JustWondering Dec. 22, 2016 @ 9:04 a.m.

Are you guys kidding? He's going to get right out there in Balboa Park with shovel and pale and start digging a new hole for the city taxpayers to deal with after he's termed out.

None of these politicians act responsibly with our 💰. Then after the new debt is due it's c-ya later.

Sadly it's our fault, we keep electing these people, believing their bull💩.


Don Bauder Dec. 22, 2016 @ 2:06 p.m.

JustWondering: The voters, swayed by the mainstream media, should get much of the blame for the massive corporate welfare. Best, Don Bauder


jnojr Dec. 22, 2016 @ 9:25 a.m.

The only way the "pension crisis" can be solved is to end defined-benefit pensions, or at least the taxpayer backstop for them. They're mathematically unsustainable. All the emotional, hand-wringing arguments about "Retirees aren't the problem, they paid in, they did their jobs, their pensions aren't excessive, they were promised, they are owed!" doesn't change the basic fact that the whole idea is, essentially, a Ponzi scheme. Politicians today will always promise more to be paid out tomorrow and then pay in less today. They get votes and salaries and their own pensions and benefits, then stroll away whistling and leave the problem for someone else.

The ONLY possible answer is a defined-contribution system, where what's there is what's there. No magic, no hocus-pocus, no promises... only dollars and cents. And if what's there isn't "enough", that's reality, the same reality we all have to live in.


JustWondering Dec. 22, 2016 @ 11:29 a.m.

The city ended the DB plan for all new hires some time ago with the exception of 👮. Every new employee is enrolled in a DC plan as you suggested.


Don Bauder Dec. 22, 2016 @ 2:10 p.m.

jnojr: Yes, people will claim that current retirees "paid their money" and the outsize benefits can't be denied them. But many did NOT pay in. Many bought future benefits at discount prices…"X years of retirement pay for $x dollars.". Best, Don Bauder


JustWondering Dec. 23, 2016 @ 9:40 a.m.

That may have happen originally, but Aguirre, as City Attorney, manipulated the SDCERS Board, which restated the clock on the statute of limitations. That led to litigation and the plaintiffs lost and were required to pay tens of thousands more for the purchase of credits.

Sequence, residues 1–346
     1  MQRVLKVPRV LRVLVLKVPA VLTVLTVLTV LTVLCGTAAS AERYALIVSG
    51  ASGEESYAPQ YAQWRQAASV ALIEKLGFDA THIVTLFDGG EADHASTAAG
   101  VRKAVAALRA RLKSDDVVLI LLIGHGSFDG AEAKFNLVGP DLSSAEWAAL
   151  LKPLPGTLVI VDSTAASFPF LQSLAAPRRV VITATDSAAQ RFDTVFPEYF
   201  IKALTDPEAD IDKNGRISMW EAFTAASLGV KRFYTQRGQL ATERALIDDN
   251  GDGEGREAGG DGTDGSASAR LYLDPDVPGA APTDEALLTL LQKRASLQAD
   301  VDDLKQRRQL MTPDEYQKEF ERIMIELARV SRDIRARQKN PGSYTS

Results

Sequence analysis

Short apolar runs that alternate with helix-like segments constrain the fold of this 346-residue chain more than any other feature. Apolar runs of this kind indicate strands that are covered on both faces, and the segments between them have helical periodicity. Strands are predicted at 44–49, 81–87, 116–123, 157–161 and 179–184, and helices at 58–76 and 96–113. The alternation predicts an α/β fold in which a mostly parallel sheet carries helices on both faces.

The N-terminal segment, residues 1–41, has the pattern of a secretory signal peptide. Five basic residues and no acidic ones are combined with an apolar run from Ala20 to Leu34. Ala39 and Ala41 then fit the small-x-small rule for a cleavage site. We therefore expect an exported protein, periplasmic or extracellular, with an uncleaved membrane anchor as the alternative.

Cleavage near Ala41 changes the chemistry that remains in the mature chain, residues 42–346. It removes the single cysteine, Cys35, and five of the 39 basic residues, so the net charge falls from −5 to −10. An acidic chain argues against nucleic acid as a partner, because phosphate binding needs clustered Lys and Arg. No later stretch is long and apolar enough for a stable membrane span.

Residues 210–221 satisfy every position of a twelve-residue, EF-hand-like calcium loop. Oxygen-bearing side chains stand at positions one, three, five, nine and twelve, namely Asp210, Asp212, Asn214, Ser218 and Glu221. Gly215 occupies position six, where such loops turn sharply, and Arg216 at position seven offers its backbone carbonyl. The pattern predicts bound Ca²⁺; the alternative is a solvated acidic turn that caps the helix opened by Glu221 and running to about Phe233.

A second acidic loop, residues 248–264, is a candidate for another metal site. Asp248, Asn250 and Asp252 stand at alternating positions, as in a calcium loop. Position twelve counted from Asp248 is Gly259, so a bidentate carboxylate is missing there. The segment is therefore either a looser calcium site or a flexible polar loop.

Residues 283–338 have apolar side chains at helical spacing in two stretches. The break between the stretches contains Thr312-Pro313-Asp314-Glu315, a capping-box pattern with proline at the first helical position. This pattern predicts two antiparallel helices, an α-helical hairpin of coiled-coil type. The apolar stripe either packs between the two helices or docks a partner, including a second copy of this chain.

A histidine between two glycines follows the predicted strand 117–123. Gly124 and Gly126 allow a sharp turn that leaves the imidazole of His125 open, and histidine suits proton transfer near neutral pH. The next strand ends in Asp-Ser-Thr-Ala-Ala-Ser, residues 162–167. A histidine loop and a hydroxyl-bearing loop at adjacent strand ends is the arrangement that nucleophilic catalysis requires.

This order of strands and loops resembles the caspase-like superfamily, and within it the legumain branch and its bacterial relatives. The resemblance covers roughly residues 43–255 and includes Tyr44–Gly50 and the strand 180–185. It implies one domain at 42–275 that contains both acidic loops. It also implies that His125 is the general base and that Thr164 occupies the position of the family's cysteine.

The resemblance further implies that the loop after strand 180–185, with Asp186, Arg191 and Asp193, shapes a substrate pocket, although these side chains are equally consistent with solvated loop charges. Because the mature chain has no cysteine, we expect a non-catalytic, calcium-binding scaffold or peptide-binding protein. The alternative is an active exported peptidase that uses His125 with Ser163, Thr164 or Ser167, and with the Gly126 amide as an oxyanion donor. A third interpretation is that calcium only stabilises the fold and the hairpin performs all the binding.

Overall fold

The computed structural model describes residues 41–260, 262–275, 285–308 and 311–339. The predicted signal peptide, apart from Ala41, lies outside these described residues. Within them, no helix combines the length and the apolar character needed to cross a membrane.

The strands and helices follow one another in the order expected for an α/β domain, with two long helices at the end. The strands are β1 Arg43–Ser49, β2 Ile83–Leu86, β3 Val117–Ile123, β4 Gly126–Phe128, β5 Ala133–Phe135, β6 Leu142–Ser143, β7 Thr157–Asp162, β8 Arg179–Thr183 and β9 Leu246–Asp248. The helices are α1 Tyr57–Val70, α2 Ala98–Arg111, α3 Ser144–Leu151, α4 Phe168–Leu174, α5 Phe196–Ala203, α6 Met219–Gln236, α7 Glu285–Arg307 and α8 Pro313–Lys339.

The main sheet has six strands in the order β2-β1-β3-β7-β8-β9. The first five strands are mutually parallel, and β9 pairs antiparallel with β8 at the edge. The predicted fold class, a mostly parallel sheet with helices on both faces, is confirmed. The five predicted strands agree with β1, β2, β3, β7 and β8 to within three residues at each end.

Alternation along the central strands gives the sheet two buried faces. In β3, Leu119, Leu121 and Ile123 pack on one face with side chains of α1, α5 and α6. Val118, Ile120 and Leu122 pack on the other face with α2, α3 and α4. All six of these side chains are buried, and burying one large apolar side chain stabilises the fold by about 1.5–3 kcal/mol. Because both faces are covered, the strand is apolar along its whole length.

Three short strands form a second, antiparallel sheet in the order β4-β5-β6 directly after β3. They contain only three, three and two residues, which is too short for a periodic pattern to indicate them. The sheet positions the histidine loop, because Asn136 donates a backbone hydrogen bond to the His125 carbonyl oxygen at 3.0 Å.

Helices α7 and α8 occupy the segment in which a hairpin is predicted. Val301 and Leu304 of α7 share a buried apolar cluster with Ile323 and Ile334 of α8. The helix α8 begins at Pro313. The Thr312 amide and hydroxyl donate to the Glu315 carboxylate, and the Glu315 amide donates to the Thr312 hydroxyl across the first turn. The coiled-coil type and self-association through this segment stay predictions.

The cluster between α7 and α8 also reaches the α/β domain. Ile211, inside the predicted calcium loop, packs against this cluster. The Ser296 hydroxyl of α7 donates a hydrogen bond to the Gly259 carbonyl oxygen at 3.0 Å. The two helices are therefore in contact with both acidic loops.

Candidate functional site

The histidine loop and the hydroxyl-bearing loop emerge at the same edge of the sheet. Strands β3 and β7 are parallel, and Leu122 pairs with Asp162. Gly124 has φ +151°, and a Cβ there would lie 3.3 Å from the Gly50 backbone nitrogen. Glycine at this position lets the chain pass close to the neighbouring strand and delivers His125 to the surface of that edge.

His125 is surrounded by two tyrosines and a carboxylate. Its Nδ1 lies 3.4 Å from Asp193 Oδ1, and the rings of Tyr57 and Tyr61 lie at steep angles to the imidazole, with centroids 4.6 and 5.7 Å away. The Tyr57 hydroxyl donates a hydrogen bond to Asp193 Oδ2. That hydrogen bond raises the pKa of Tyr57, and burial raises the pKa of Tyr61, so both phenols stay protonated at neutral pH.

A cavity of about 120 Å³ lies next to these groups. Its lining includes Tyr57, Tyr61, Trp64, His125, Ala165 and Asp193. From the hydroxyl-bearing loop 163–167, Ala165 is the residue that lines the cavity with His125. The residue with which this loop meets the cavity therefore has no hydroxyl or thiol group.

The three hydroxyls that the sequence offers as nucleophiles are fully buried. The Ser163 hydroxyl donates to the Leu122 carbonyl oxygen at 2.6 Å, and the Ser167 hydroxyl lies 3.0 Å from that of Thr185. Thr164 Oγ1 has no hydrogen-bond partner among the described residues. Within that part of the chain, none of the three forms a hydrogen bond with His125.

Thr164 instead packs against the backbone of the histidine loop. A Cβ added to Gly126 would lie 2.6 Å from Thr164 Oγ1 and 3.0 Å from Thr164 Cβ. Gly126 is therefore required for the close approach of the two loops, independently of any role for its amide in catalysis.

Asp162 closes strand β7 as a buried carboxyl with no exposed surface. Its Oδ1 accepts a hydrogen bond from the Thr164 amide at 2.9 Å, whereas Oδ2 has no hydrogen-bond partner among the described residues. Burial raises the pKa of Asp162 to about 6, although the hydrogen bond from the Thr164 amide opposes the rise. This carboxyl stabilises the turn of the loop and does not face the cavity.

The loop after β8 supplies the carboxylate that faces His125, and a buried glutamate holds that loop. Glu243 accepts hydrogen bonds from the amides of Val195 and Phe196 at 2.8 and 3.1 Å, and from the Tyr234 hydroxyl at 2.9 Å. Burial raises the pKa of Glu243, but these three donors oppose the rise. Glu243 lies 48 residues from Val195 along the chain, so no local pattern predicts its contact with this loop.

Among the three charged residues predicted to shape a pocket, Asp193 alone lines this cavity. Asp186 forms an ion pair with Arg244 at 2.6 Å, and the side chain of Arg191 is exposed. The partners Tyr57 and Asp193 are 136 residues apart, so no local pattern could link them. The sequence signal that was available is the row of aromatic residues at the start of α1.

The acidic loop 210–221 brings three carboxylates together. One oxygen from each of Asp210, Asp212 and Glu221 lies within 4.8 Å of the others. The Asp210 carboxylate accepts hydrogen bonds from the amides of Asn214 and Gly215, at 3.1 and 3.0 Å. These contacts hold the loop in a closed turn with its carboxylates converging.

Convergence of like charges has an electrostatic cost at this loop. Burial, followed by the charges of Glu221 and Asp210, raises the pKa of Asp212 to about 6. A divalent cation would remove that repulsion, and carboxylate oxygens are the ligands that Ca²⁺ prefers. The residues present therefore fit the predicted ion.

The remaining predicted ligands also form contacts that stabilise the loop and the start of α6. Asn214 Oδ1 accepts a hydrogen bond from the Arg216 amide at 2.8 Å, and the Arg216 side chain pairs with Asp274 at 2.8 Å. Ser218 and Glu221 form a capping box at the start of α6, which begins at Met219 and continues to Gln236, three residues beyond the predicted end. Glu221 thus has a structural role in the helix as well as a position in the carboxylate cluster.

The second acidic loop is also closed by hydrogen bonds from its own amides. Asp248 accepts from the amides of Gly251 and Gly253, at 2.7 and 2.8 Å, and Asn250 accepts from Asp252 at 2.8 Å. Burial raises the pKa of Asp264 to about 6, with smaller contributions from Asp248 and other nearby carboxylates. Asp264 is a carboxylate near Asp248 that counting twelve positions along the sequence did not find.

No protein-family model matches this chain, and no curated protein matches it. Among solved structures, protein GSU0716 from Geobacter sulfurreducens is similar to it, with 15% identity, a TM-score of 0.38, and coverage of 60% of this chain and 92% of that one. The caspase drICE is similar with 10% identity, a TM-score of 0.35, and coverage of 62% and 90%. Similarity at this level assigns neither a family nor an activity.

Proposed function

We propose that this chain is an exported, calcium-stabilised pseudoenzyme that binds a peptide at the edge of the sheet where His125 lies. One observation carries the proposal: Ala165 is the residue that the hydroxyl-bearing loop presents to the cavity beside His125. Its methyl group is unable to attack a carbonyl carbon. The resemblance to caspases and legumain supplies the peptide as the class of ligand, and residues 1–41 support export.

Don Bauder Dec. 28, 2016 @ 9:46 p.m.

JustWondering: Yes, Aguirre got some of the worst offenses eliminated or tamed. But he was thwarted by higher courts in effectuating real reform. That's one reason the deficit has ballooned again. Best, Don Bauder


Visduh Dec. 22, 2016 @ 3:06 p.m.

The biggest Ponzi scheme of all is Social Security. If we had a high rate of population growth, and an economy where all young people worked from age 18 onward, it might be able to cover the outgo. In general SS has been on a pay-as-you-go system for most of its existence. The funds paid in by workers were not retained and invested, but were paid out in benefits to those drawing checks. If you call putting some temporary surpluses in the Treasury and holding its IOU's "investing", that is ludicrous. The Treasury has run huge deficits, and any SS surplus just went to covering the larger shortfall. When SS is asking for those excess funds back from the Treasury, it has only two ways to do that, from taxes or from borrowing.


Don Bauder Dec. 27, 2016 @ 2:28 p.m.

Visduh: Sad to say, but you have richly illustrated the government Ponzi scheme. An individual thinks the government has a pot of money with his or her name on it, filled with his or her contributions over the years. 'Taint so. The money goes in the front door and out the back to current retirees. This is a Ponzi. The government could fix it by requiring higher pay-ins, and smaller pay-outs to the filthy rich crowd. But they have all the influence over government. Best, Don Bauder


ImJustABill Dec. 22, 2016 @ 3:07 p.m.

I think it is almost impossible to end the taxpayer backstop to pensions. Even bankrupt Stockton and San Bernardino (as far as I know) are still making all their payments to the public employee pension funds.

I definitely agreed that defined-benefit pensions should end. It is too easy for politicians to offer benefits far into the future based on absurd investment assumptions (e.g. 8% guaranteed annual return).


Don Bauder Dec. 27, 2016 @ 2:31 p.m.

ImJustABill:I haven't looked at this for awhile, but I think bankrupt cities, in the main, still honor their excessive monetary pledges to retirees. Several courts have been involved with this. Best, Don Bauder


Don Bauder Dec. 22, 2016 @ 4:11 p.m.

jnojr: I believe defined benefit pensions have been eliminated for new hires. Somebody correct me if I am wrong. Best, Don Bauder


JustWondering Dec. 23, 2016 @ 9:43 a.m.

In the City of San Diego, all new hires, except police officers, ONLY GET Defined Contribution accounts.